We were in the Coliseum's 'royal retiring room', but there was nothing remotely retiring about Elizabeth Zharoff. Enchanting and enthusiastic, the Californian soprano arrived like a whirlwind and managed to cram two hours of conversation into about 20 minutes.
So what brought her to these shores?
"John McMurray [head of casting at ENO] heard me at the Curtis Institute and suggested I should come over and sing in the Coliseum. I was going to be in Dresden for the year and we thought I'd be released to do this Traviata at its first staging in 2013, but Dresden said no to three months away so Corinne Winters, whom I know and love, took over. When it came back round they asked again and I said yes – thank goodness!
"It's good that I had the chance to learn Violetta in Italian first, because I was able to understand how the original language sits with it and get to understand that before putting it into English. If I'd sung it here first time round my first Traviata would have been in English.
"Some translations feel weird but this one is excellent. And Martin Fitzpatrick, the translator, is on the staff at ENO so if there's anything I find hard to sing – maybe three or four words in the entire opera – I can ask him and he'll change it. He's so easy to work with. The other thing I love about singing in English is that for me there's an instant emotional attachment to every word you sing. It's immediately real. When I sing it in Italian the emotions are there but they're not as instantly accessible.
"It's almost depressing to be in her state"
"I was the only new one in this cast so there was pressure to learn things quickly. But I like that. And my colleagues were very, very helpful. Honestly, this cast and crew – everyone – we get along remarkably well.
"This production is tough because there's no intermission. Vocally I don't know if it's that big a difference for me, but emotionally and keeping focus – that's difficult. Being willing to be vulnerable for that long makes Violetta a lot more personal to me. It's almost depressing to be in her state. I'm not the kind of singer who acts from the outside; I do my best to put myself in her position and draw on my own life experiences to make it real. By the end I'm all done and I say ‘Jeez, I'm glad she's dead so I can leave all that behind'.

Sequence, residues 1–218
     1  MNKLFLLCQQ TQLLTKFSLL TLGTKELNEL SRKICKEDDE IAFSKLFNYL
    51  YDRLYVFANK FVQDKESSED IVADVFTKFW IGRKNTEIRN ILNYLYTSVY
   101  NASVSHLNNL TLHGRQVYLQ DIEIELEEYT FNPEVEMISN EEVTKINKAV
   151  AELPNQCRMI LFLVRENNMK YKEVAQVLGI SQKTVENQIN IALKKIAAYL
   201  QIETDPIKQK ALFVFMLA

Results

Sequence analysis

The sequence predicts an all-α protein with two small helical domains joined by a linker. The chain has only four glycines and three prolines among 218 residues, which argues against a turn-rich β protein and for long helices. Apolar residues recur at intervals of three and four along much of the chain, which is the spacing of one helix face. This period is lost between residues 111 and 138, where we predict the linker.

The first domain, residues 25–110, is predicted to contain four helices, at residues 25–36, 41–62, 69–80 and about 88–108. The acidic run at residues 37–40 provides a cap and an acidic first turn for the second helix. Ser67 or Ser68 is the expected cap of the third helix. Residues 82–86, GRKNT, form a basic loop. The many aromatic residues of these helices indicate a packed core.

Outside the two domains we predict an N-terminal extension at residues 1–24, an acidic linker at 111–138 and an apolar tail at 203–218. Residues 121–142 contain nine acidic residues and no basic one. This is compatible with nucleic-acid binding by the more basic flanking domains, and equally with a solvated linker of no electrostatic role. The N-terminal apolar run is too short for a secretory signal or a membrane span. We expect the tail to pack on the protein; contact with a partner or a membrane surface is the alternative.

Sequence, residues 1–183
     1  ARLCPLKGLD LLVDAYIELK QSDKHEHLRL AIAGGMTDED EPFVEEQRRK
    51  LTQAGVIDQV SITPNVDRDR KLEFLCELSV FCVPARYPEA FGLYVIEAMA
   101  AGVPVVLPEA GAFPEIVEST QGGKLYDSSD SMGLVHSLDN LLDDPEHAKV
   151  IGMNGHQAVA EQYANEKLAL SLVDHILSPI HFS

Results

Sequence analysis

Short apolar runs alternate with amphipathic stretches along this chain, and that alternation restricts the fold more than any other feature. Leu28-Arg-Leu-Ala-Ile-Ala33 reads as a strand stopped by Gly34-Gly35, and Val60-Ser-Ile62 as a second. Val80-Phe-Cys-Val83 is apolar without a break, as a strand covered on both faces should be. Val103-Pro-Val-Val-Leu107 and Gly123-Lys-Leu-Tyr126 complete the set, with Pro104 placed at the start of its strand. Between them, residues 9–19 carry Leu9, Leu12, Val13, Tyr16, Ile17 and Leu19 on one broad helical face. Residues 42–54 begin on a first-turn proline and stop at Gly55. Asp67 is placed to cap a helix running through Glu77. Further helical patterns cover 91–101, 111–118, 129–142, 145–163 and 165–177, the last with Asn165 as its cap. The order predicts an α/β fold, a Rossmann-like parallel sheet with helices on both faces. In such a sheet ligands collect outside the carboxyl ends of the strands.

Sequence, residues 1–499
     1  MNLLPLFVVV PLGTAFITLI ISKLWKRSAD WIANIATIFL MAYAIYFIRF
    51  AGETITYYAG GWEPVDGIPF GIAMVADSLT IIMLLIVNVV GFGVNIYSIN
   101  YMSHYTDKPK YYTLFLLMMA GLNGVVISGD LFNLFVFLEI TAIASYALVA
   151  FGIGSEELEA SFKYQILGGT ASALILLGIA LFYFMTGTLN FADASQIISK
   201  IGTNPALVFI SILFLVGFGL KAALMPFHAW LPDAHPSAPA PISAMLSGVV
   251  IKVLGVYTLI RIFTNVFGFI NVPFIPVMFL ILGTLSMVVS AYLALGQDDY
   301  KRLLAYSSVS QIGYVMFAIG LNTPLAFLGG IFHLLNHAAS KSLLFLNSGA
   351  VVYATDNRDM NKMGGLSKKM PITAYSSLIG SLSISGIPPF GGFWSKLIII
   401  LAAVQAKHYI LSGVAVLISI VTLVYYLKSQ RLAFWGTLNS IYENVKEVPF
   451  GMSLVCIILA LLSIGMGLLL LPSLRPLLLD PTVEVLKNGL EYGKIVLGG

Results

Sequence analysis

"Right after this I'll be singing one of my favourite roles, Marguerite in Gounod's Faust, at West Bay Opera, which is close to my home town in California; and next fall for Seattle Opera I'll be singing Leïla in The Pearl Fishers.
"But one of the most exciting things I'm preparing is an opera with the composer Ricky Ian Gordon. He's very well known in the States and I had the good fortune of getting to know him several years ago and working with him on song cycles. Ricky's one of the most inspiring people I've ever met, and he's asked me to appear in his new opera Morning Star in Cincinatti. I'll be there in May and June working on that. I've never created a role before and I cannot think of a composer I'd rather do it for than Ricky.
"About a year ago I started getting into video games. I've always loved gaming but I never realised that I could contribute to them. As a singer I have a lot of time on my hands between shows when I'm supposed to be quiet and anti-social, taking care of myself. I didn't want to spend all my time watching TV shows or reading tons of fiction (though I do that some!), I wanted it to be productive – still making music, just not singing. I've always composed – I'd thought about doing my first degree in piano – so I looked at new ways I could approach music.
"You have to learn the electronic and software side of it, which took six months. I'm based in Silicon Valley in California where there are lots of indie developers and gamemakers, so I showed them what I'd composed and they invited me to a game jam. What's a game jam? It's a weekend where programmers and artists get together and make a game in one weekend. So it's all crammed in... but I can compose very quickly! Since then I've been doing lots of game jams.
"Someday I'll sing a killer Butterfly"
"If you go to concerts of video game music being performed live, the fans go crazy for it. They love orchestral music. I think opera and video games can be merged even more and I want to help with that. It's an entirely new way to look at music, and it makes me appreciate opera all the more.
"I'd really love to sing Tatyana [in Eugene Onegin] and Manon before long, and someday I'll sing a killer Butterfly and Salome. That day may be coming sooner rather than later because I'm moving into heavier repertoire now. Some people like to make long-term plans for their career, but we're talking about a human body – it kind of decides on its own. In the past five years my voice has grown very quickly, to the point where I was expecting to be singing Lucia [di Lammermoor] and Gilda [in Rigoletto], but I don't think I'll be singing those now. I need to be singing more lyric roles like Tatyana and Mimì [La bohème].
"I've been a dancer for 14 years, which is an advantage in my stage work because I know how to move. And when I trip up on something I can catch my balance! Developing physical skill alongside theatre skills is incredibly important. You have to know how a certain pose can portray a particular emotion, and if I'm running onstage and then have to sing a high note I still have to have breath underneath me to be able to do it. And there are many times when Violetta needs to be able to fall and keep going .
"Even when I'm not dancing I take care of my physical health. Your vocal cords are part of your body, and if you want your vocal cords to perform well you have to look after the rest of you."
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